The energy sector depends on water in all phases of its life-cycle, including raw material extraction, power plant cooling, irrigation of biofuel crops and directly in hydropower generation. In the coming decades, several regions of the world are expected to experience a decrease in water resource availability, in part due to climate change. The dependence of the energy sector on water resources calls for an active effort to adapt to the possible scenarios. This paper presents a novel model that addresses the direct impacts of regional and temporal water shortages on energy operation and investment decisions. The paper investigates the costs and benefits of adapting the energy sector to climate-induced water scarcity. The results show that the increase in costs for an energy plan that considers future water stress is relatively small as compared to one which ignores it. A plan which ignores water constraints, however, may lead to significant economic damages when actually exposed to water shortages. The results also highlight the value of the availability of water for the energy sector, which is significantly higher than existing prices. The paper concludes that the potential benefits to be gained by integrating energy and water models can be considerable.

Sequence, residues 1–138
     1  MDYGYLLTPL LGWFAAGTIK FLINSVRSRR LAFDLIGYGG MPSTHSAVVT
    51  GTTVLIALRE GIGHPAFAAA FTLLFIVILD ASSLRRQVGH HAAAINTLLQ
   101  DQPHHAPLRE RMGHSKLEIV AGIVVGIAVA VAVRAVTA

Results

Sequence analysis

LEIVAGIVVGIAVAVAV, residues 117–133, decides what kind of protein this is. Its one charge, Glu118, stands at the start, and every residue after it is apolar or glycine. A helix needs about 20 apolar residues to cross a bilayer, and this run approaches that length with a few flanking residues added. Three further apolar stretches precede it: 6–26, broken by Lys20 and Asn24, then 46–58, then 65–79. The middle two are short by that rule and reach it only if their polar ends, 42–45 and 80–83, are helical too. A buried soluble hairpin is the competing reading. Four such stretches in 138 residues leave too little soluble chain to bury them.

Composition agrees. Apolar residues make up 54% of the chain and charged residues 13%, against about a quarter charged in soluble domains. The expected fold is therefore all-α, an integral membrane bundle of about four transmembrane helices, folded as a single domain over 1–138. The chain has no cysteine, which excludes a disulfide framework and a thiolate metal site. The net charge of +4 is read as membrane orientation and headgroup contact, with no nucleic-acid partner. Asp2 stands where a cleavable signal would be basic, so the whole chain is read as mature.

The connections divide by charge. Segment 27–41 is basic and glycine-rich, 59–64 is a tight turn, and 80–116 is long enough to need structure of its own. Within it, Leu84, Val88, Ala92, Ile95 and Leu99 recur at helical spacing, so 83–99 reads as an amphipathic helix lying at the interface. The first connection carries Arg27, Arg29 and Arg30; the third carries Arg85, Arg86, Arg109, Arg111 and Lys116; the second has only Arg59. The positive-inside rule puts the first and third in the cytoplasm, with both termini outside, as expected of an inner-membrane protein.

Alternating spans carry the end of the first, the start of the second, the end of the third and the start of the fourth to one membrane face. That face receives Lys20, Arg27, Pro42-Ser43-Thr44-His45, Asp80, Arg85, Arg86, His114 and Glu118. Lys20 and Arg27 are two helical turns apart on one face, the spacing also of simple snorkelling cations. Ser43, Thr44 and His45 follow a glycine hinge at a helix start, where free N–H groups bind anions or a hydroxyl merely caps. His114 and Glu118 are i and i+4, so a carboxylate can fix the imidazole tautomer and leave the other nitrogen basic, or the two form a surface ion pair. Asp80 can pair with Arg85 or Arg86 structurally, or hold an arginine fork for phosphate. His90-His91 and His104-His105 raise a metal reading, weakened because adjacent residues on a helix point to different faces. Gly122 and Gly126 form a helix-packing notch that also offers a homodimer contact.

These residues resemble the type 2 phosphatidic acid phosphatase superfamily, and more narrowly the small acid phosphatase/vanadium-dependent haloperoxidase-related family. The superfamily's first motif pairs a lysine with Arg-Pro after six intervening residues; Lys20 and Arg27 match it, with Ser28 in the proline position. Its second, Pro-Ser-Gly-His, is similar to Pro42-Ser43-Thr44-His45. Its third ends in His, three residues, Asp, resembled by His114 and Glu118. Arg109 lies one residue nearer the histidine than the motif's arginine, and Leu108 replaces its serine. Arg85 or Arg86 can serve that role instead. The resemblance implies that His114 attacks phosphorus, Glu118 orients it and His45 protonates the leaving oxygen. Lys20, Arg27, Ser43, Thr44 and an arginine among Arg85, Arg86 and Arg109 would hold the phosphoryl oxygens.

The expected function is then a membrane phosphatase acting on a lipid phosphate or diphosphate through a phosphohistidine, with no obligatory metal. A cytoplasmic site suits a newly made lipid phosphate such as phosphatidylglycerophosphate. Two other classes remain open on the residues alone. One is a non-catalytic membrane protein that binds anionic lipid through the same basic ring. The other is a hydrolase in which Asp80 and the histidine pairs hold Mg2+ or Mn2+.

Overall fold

Keywords: Energy; Water; Climate change; Adaptation; Economic impact
Energy Policy. Volume: 97 Pages: 123-135
JCR Impact Factor and Scopus quartile: 4.140 - Q1 (2016); 4.039 - Q1 (2017).
DOI reference: 10.1016/j.enpol.2016.06.046
Published on paper: October 2016. Published on-line: July 2016.